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We know that \begin{align*} \|u\|_{0,\infty,\Omega}={\text{ess} \sup}_{x\in \Omega}|u|. \end{align*} Moreover, the nonconforming Crouzeix-Raviart finite element space is \begin{align*} V_h=\{ v|_K\in P_1(K),\ v ~\text{is continuous at the midpoints of edges and } v=0 \text{ at the midpoints on boundary edges}\}. \end{align*} For a function $w\in V_h$, we know that $w\notin H_0^1(\Omega)$.

My question is what is the definition of $\|w\|_{0,\infty,\Omega}$ and $\|\nabla w\|_{0,\infty,\Omega}$?

In addition, does the inversive inequality \begin{align*} \|\nabla w\|_{0,\infty,\Omega}\leq Ch^{-1}\|w\|_{0,2,\Omega}, w\in V_h \end{align*} hold?

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    $\begingroup$ Maybe you can do that element-wise and consider sum over elements instead of global norm? $\endgroup$ – VorKir May 20 '17 at 19:31
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As @VorKir mentions, for nonconforming spaces one has to use broken Sobolev norms that are defined elementwise (in your notation) as $$\begin{aligned} \|v\|_{k,p,\Omega} &= \left(\sum_{K} \|v\|_{k,p,K}^p\right)^{1/p},\quad 1\leq p<\infty,\\ \|v\|_{k,\infty,\Omega} &= \max_K \|v\|_{k,\infty,K} \end{aligned}$$ for $v\in V_h$, where $\|v\|_{k,p,K}$ is the usual $W^{k,p}(K)$ norm of $v|_K$ (which by definition is a polynomial and hence arbitrarily often differentiable).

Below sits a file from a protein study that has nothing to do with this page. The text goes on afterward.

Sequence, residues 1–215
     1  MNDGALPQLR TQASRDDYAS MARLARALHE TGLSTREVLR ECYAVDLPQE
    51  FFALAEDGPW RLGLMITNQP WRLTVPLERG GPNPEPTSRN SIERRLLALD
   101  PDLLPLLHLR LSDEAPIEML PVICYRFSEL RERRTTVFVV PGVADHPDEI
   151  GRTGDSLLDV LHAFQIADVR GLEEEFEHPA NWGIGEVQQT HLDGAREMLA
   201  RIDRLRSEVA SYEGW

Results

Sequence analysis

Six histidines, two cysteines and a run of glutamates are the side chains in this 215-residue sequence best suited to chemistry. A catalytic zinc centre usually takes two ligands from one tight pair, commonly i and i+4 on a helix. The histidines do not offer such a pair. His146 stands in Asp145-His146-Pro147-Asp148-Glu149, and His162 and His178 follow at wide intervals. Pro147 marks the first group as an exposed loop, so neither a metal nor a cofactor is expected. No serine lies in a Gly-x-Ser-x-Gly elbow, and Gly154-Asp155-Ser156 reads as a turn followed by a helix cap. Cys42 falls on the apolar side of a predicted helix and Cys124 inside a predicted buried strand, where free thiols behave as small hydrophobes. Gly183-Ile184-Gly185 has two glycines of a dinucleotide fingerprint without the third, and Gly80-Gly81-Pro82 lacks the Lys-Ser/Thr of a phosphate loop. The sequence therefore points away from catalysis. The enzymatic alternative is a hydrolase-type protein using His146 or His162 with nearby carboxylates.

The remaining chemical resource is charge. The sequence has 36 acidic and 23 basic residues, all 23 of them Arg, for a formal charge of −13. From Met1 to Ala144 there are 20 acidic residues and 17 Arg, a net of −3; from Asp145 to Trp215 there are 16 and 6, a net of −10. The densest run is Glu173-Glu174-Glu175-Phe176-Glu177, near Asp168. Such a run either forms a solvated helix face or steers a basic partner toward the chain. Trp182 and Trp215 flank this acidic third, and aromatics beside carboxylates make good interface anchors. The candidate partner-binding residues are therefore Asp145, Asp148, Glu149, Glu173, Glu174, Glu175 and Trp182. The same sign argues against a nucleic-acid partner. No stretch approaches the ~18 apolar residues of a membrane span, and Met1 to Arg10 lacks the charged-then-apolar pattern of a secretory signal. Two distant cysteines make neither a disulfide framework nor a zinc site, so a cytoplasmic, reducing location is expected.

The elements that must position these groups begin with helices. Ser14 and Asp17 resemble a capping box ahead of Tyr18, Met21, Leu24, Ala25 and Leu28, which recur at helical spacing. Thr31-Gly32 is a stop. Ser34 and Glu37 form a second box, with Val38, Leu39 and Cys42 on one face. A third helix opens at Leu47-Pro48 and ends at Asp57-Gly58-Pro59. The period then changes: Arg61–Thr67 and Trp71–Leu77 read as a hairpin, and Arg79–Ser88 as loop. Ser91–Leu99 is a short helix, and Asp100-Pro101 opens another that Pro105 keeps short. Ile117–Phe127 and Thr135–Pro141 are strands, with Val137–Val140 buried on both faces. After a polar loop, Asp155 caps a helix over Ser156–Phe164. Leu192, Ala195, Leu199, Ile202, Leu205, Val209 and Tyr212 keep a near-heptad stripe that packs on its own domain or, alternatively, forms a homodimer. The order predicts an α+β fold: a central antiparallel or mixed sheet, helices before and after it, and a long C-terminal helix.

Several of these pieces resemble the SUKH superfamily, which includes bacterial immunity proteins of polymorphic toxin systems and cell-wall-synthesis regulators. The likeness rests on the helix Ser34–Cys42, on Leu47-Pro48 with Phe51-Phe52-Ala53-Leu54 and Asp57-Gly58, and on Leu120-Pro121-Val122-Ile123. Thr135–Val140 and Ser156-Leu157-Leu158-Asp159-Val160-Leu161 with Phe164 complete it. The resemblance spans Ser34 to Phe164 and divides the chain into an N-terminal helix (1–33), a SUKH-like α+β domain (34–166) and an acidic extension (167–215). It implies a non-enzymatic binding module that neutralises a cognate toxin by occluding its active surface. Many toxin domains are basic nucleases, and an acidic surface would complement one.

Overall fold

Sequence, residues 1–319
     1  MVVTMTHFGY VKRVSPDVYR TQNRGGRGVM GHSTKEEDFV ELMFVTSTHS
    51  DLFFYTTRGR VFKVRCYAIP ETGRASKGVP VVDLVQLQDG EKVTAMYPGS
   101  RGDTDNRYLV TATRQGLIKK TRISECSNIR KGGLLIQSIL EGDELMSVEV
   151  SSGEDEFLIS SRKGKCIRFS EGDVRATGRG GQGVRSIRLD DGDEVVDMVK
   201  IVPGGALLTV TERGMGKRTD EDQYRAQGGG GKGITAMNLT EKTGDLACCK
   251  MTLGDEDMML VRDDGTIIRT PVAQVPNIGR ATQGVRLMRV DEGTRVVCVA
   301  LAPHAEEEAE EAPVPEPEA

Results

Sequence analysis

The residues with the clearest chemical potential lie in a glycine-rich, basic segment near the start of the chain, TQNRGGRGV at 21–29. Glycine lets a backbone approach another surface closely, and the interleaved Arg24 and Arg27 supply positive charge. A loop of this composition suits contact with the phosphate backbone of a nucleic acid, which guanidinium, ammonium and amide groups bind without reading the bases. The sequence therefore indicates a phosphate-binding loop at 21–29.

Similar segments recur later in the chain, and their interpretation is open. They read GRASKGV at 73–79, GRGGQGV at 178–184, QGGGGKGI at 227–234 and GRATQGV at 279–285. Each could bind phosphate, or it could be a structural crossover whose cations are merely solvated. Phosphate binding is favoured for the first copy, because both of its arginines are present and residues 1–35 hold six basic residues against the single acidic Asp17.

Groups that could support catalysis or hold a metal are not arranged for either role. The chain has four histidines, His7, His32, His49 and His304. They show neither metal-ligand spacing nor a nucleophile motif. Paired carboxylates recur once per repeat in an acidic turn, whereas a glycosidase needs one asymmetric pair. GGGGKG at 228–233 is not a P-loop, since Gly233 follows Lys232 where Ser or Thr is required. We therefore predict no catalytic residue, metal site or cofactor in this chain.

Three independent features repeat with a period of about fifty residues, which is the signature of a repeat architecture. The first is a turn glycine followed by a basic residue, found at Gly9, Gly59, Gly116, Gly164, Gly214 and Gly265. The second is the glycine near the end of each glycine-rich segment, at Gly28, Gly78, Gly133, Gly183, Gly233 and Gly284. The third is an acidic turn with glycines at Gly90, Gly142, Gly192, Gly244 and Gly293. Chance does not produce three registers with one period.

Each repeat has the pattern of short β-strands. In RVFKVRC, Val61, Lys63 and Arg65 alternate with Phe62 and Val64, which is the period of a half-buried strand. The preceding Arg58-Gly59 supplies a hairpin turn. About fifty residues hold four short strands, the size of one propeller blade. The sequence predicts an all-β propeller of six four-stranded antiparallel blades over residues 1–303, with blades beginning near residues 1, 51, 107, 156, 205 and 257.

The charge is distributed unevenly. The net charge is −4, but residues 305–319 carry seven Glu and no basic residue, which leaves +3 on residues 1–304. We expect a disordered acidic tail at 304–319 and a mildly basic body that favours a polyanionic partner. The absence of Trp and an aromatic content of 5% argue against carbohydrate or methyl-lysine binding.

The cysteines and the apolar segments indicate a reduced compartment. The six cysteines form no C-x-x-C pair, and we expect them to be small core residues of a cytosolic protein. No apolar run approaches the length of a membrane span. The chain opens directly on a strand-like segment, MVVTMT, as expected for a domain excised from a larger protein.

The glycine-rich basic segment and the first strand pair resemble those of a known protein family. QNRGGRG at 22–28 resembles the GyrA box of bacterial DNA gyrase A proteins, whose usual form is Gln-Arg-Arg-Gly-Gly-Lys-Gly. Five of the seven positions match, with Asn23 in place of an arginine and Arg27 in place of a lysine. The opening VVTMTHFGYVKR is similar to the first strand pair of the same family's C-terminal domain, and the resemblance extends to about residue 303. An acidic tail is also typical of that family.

There are inverse estimates for broken norms, but you lose additional powers of $h$ by having a larger value of $p$ on the left-hand side. If $\Omega\subset \mathbb{R}^n$, there exists a $C$ independent of $h$ such that $$ \|v\|_{1,\infty,\Omega} \leq C h^{-1-n/2} \|v\|_{0,2,\Omega} \quad\text{for all }v\in V_h.$$ (This is a special case of Theorem 4.5.11 in Brenner, Susanne C.; Scott, L.Ridgway, The mathematical theory of finite element methods, Texts in Applied Mathematics 15. New York, NY: Springer (ISBN 978-0-387-75933-3/hbk). xvii, 397~p. (2008). ZBL1135.65042.)

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